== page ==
Internet effect on memoryThe British Psychological Society’s (BPS) Research Digest  and the Scientific American both have recently discussed the effects the internet has had on our brains and our memory abilities. Stephen Kosslyn from Hardvard University told BPS that, “The Internet is a kind of collective memory.” Betsy Sparrow from Columbia University completed a study addressing how the internet has become what she calls a “Memory Prosthesis” for today’s society. College students were asked to complete a recall test of information after typing the information into a computer; half the college students were told the computer would save what they typed, and the other half was told the computer would not. The students who were told the computer would save their information, performed worse on their recall test compared to students who did not expect the computer would save their information. The same article then went on to explain that…

In another task, a group of participants read trivia statements and then typed them out, with a message telling them which folder the statement had been saved in. Ten minutes later they wrote out as many of the statements as they could, and then they attempted to recall which folder each statement, identified by a single prompt, had been saved to (e.g. “What folder was the statement about the ostrich saved in?”). The striking finding here is that participants were better at remembering the location of the statements than the statements themselves. What’s more, they were more likely to remember the location of statements which they’d failed to recall. It’s as if we’ve become adept at using computers to store knowledge for us, and we’re better at remembering where information is stored than the information itself.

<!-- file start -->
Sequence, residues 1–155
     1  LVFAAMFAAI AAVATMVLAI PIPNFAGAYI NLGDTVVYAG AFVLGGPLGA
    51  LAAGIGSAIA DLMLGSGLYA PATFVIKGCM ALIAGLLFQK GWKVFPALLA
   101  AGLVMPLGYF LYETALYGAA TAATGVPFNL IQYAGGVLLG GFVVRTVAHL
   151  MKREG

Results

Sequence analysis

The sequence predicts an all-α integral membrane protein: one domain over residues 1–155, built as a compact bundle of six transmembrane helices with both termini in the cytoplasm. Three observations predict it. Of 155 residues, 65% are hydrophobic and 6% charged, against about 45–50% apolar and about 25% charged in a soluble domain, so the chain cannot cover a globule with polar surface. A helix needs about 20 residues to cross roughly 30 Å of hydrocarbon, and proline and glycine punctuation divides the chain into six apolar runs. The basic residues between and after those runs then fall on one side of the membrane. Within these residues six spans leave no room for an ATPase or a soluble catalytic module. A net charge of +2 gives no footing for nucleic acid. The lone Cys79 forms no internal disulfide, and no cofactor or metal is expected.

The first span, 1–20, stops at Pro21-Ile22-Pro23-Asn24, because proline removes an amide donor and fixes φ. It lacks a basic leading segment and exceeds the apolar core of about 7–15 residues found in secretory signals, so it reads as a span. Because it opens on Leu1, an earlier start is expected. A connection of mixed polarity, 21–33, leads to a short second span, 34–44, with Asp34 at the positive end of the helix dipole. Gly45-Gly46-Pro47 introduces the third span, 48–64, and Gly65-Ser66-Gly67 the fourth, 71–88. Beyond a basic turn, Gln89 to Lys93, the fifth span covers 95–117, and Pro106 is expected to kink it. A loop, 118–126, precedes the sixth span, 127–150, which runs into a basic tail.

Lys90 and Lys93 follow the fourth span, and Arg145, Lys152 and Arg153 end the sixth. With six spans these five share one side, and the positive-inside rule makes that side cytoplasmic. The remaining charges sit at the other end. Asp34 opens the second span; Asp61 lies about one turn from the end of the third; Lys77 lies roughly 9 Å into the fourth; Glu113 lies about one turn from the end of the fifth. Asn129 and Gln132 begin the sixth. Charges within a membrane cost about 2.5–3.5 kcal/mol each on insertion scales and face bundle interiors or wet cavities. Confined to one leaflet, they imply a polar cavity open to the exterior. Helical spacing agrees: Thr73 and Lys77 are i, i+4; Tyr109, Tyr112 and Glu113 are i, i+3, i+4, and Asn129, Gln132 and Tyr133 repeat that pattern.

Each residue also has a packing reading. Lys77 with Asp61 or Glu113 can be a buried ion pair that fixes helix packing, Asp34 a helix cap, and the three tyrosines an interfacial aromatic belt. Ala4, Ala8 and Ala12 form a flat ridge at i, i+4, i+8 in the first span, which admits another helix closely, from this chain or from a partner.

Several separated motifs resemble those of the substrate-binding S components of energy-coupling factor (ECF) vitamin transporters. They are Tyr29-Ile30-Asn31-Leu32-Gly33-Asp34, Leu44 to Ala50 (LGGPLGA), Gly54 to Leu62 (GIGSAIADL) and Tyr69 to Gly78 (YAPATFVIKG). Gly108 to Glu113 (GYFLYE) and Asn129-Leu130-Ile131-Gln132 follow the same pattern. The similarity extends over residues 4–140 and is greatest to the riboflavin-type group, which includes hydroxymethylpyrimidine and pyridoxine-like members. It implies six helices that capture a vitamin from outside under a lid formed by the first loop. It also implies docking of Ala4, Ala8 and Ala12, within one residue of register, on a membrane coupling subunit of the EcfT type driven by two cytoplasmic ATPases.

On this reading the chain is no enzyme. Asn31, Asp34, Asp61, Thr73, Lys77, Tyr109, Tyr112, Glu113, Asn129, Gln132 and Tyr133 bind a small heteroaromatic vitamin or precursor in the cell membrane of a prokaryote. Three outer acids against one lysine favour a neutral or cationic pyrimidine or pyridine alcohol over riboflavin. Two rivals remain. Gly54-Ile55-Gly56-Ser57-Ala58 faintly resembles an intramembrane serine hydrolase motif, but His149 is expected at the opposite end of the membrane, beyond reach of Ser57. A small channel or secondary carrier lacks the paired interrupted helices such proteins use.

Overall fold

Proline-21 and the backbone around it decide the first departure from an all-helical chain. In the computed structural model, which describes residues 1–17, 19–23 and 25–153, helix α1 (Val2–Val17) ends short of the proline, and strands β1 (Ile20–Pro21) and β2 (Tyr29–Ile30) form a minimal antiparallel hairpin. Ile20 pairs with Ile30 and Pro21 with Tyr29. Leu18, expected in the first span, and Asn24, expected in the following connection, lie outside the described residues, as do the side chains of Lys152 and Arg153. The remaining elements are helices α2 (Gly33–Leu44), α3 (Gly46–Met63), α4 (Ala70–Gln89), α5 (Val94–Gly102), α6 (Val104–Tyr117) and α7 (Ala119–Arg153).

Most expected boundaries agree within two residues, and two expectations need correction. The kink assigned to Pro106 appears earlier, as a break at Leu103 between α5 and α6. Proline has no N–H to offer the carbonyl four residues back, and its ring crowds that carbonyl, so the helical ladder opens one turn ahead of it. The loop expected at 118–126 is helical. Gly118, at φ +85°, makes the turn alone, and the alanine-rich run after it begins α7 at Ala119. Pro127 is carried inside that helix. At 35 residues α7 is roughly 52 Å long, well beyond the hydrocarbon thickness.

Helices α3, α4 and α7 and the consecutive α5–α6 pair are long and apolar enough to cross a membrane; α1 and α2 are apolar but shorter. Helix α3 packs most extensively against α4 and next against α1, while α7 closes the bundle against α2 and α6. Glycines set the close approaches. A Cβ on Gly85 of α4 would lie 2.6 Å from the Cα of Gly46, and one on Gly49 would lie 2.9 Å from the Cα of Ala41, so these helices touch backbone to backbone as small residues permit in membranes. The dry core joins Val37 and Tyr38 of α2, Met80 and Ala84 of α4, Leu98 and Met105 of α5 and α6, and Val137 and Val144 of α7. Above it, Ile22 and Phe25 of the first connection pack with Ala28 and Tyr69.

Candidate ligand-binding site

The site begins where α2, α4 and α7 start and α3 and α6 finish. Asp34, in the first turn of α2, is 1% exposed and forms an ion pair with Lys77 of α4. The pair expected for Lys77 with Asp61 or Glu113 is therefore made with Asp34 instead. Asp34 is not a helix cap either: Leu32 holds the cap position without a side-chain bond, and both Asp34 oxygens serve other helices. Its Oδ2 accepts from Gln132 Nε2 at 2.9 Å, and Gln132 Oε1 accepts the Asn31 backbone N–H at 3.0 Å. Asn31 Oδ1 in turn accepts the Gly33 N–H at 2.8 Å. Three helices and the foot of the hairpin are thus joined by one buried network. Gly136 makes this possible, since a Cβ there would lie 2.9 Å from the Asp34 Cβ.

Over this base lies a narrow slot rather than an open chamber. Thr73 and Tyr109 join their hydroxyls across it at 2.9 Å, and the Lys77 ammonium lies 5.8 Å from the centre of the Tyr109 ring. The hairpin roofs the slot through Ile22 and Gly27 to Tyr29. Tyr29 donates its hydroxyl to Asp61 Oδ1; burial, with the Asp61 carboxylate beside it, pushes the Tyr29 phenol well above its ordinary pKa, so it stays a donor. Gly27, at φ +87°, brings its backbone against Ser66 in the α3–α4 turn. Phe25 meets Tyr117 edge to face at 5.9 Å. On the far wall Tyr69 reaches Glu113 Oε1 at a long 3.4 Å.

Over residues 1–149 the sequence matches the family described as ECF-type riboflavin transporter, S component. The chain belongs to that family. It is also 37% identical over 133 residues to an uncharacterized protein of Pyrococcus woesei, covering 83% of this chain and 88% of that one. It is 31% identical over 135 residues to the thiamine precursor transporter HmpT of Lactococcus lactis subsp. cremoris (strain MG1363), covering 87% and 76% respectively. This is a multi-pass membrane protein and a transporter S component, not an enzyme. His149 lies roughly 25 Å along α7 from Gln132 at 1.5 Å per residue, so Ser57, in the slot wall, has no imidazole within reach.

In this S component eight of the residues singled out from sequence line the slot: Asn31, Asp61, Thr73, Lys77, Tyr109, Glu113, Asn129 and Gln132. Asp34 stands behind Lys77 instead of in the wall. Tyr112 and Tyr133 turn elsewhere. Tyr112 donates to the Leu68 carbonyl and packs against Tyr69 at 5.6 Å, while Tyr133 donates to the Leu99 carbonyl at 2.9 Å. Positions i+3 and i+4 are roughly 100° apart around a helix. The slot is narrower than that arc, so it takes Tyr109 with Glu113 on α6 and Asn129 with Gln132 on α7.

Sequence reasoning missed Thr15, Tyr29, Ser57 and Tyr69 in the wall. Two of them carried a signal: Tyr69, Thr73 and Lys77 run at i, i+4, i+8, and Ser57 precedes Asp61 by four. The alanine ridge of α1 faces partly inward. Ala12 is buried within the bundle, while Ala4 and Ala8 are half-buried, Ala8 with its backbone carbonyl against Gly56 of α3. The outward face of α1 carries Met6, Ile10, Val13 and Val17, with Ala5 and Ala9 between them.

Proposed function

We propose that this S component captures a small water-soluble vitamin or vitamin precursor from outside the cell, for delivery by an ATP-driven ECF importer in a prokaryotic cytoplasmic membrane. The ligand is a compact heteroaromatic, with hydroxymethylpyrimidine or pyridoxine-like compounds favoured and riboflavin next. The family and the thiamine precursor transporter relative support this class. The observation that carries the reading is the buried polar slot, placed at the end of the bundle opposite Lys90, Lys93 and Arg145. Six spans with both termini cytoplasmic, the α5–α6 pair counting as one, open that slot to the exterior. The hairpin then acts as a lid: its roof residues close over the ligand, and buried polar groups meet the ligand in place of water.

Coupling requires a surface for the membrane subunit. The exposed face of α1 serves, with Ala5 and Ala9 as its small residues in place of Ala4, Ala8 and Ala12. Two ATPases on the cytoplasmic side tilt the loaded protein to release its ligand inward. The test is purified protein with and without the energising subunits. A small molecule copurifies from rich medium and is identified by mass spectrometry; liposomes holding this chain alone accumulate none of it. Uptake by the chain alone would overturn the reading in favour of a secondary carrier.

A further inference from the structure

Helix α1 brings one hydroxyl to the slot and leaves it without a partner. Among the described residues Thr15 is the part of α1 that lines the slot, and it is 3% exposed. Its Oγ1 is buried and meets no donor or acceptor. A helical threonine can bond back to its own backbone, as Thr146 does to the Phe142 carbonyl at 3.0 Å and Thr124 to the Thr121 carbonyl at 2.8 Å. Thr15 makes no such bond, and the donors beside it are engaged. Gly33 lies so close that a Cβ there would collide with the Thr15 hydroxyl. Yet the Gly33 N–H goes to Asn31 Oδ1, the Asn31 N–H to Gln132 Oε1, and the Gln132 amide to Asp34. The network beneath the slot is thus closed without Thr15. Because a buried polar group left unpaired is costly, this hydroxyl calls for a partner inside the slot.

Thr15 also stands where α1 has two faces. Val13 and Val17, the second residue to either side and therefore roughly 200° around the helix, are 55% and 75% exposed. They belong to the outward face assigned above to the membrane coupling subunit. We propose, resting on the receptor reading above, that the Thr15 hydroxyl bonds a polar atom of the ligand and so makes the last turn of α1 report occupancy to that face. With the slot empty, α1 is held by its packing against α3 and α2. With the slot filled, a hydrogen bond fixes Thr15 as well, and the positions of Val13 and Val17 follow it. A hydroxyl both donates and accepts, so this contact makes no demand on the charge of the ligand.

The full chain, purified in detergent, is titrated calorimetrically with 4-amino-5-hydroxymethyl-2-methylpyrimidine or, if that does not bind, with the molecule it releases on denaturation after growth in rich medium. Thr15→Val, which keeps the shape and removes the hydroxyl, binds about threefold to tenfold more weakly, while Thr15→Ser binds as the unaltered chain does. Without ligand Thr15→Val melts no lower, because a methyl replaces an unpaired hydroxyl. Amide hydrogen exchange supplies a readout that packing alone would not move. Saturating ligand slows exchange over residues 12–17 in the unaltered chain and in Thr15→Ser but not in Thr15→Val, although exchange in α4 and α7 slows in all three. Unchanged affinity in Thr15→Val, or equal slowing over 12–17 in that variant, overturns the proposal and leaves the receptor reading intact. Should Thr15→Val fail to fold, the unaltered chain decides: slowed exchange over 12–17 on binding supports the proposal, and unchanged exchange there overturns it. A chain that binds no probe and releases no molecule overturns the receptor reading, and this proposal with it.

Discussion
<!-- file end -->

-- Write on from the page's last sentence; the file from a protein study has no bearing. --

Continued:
In the article from Scientific American that discusses this same research study, they ask, what would we do if we did not have the internet to rely on? If we wanted to know something, or couldn’t remember something we knew but could not recall? We would have to either deal with it, or use the library to research this information, or talk to other people. They go on to add…

People may rely on their mobile phones to remember friends’ and family members’ phone numbers, for example, but the part of the brain responsible for such memorization has not been atrophied, she says. “It’s not like we’ve lost the ability to do it.” …In this respect, the Internet is just like any other memory system—the need for critical thinking does not diminish, regardless of where the information is stored.

I’ll admit, I often use the internet to look items up, or to learn about something new possibly. Though, I mostly use the internet for social media and to use databases to look up articles online to keep up on current issues… well, and obviously blog! But, do you feel you’ve come to rely too much on the internet as a memory aide? And if you, or someone else you know does, do you think that it is ok? Or do you feel it has weakened our ability to remember things on our own, and to think critically?

Nicole Paulie is a Counselling Psychologist, and co-author of “How to be Happy and Healthy – The seven natural elements of mental health.” She provides therapy in the Dublin city area. Contact usto learn more or to book an appointment.

The Internet’s Effect on our Memory
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